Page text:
There’s always something sort of magical about the Spoleto Festival’s
jazz concerts in the College of Charleston’s
Cistern Yard. It’s already a beautiful outdoor space (the college holds its commencement exercises there) and for the Wells Fargo Jazz Series, the surrounding buildings are aglow in red, blue and magenta lights. Floodlights also pick up the moss that’s elegantly draped over the oak tree branches.
It’s a beautiful, romantic setting, but what makes this yearly concert series so special is really the remarkable talents that perform in i -- talents like Cécile McLorin Salvant
From the moment Salvant took the stage Saturday night, it was clear that she was no typical jazz diva. Instead of the de rigeur little black dress, Salvant took to the stage in a breezy, blue-flowered jumpsuit, sunny yellow heels and her trademark thick, white glasses. She began by singing the standard "Sometimes I'm Happy (Sometimes I'm Blue)," a love song that she sang, not to mythical lover, but directly to the audience. “My disposition,” she sang, “depends on you,” she sang with a sweeping gesture to the audience.
Hopefully Salvant’s disposition fared well, because from where I sat the audience was enthralled by her stunning voice. Her singing is bright and whimsical one moment, playing around in her upper register; the next moment she is sinking into deep, soulful notes.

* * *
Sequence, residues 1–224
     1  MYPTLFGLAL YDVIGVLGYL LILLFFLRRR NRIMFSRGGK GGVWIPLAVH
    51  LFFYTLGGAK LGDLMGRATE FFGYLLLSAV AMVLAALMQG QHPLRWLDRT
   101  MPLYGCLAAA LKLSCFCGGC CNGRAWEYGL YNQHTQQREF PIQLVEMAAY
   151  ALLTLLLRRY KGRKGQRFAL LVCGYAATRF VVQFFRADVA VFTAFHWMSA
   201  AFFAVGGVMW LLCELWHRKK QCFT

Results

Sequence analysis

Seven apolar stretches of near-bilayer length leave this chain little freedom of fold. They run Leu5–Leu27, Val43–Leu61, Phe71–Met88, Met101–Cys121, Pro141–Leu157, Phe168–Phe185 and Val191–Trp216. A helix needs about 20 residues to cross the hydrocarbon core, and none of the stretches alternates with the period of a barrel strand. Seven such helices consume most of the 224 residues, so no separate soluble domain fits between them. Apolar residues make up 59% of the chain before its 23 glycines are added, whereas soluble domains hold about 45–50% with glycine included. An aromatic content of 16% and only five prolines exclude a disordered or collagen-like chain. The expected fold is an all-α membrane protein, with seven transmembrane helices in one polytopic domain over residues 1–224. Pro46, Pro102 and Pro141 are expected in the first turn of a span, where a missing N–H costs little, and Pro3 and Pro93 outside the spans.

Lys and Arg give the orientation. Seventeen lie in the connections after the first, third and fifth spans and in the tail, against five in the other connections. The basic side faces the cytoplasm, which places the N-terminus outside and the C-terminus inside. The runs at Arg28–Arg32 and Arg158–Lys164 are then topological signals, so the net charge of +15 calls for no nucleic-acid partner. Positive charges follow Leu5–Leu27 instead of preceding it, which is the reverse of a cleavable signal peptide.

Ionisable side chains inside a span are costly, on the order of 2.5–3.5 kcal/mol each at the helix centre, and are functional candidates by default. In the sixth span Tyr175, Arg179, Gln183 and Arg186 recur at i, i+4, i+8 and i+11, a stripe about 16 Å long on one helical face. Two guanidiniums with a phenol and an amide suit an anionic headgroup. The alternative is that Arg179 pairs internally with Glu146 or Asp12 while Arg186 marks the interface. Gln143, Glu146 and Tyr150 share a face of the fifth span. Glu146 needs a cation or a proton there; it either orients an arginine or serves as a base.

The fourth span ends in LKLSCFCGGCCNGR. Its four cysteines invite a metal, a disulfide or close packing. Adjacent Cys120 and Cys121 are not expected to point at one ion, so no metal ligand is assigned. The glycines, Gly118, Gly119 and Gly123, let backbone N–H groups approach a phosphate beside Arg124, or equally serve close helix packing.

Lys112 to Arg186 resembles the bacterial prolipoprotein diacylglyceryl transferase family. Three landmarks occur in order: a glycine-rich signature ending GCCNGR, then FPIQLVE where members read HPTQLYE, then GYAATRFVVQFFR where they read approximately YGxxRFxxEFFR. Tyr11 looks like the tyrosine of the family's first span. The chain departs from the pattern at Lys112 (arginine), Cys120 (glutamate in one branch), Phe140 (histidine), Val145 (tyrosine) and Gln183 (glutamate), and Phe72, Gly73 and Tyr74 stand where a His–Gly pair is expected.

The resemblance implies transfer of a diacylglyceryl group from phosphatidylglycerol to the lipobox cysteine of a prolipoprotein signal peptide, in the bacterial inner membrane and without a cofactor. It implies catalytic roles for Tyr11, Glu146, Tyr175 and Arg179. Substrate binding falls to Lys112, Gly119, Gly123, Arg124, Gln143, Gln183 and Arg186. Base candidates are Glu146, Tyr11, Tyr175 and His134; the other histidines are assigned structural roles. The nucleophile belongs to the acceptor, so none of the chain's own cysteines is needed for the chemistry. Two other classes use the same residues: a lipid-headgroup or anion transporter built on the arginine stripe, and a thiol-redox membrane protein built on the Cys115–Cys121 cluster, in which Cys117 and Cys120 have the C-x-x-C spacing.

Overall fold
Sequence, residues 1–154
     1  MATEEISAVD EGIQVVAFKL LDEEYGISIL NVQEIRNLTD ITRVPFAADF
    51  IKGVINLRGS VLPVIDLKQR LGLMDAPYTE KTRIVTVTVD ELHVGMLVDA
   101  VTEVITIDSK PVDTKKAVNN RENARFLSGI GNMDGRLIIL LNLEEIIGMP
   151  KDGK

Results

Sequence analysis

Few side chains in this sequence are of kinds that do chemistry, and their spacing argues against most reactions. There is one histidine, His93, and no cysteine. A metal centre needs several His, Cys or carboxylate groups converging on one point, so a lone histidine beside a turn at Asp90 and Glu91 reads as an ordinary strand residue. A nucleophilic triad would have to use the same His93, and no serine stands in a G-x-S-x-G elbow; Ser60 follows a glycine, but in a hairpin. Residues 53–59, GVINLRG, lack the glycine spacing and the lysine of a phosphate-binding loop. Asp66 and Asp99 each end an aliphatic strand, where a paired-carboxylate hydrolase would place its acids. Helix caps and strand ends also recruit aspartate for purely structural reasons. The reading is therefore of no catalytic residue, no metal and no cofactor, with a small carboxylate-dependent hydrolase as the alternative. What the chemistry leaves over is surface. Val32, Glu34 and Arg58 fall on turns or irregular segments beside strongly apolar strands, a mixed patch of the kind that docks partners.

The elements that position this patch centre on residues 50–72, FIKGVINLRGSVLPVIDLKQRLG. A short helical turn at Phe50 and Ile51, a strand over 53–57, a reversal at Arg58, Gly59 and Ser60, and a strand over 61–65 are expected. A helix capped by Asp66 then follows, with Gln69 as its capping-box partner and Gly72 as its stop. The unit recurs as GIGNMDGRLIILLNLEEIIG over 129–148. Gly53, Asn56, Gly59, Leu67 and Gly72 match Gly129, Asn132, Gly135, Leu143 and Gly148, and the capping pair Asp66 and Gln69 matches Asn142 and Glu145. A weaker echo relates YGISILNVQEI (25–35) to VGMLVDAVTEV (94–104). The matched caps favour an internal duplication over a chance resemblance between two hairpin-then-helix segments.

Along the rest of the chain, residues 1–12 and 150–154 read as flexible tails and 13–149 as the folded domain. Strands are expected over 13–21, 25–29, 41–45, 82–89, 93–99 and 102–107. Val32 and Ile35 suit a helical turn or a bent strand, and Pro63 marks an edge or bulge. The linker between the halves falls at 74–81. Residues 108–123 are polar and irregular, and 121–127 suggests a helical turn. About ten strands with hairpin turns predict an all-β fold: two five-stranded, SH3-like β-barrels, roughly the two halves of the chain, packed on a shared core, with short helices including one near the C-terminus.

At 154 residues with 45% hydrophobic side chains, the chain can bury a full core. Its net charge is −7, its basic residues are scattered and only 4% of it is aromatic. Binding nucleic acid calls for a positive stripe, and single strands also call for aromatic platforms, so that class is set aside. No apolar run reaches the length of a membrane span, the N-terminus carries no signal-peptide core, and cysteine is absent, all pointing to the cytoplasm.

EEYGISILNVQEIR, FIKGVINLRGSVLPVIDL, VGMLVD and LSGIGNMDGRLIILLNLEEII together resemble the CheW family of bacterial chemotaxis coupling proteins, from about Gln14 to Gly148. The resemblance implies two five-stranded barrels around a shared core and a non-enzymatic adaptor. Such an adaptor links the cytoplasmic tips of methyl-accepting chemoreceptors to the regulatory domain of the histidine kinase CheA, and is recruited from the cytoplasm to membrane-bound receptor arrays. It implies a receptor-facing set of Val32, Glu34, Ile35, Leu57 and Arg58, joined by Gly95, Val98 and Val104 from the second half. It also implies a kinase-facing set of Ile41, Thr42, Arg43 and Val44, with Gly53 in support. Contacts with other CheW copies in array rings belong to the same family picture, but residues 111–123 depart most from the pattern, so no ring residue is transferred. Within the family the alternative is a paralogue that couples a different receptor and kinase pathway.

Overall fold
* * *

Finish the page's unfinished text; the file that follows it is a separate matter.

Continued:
On the way out of the Cistern Yard I heard fellow concertgoers comparing Salvant to Ella Fitzgerald, Billie Holliday and other jazz greats. She certainly evokes the spirit of those greats in her songs, but there’s something else about Salvant’s take on jazz standards – a sense of humor – sometimes playful, sometimes ironic – that pervades her interpretations.
Take for instance the bespectacled singer’s version of “I Only Have Eyes for You,” where she sings “Are the stars out tonight, I don’t know if it’s cloudy or bright,” before replacing the title line with a mournful “because I can’t really see” as she squints up at the sky. It was a charming moment – and one I particularly appreciated as I pushed my own thick-rimmed glasses back up the bridge of my nose.
But for all of Salvant’s humor, she is just as good at the serious stuff. Her composition, “Child Woman” was a moving, soulful ballad about a young woman staggering through life, and her rendition of “The Ballad of John Henry’s Hammer” brought a searing depth to the classic folk song.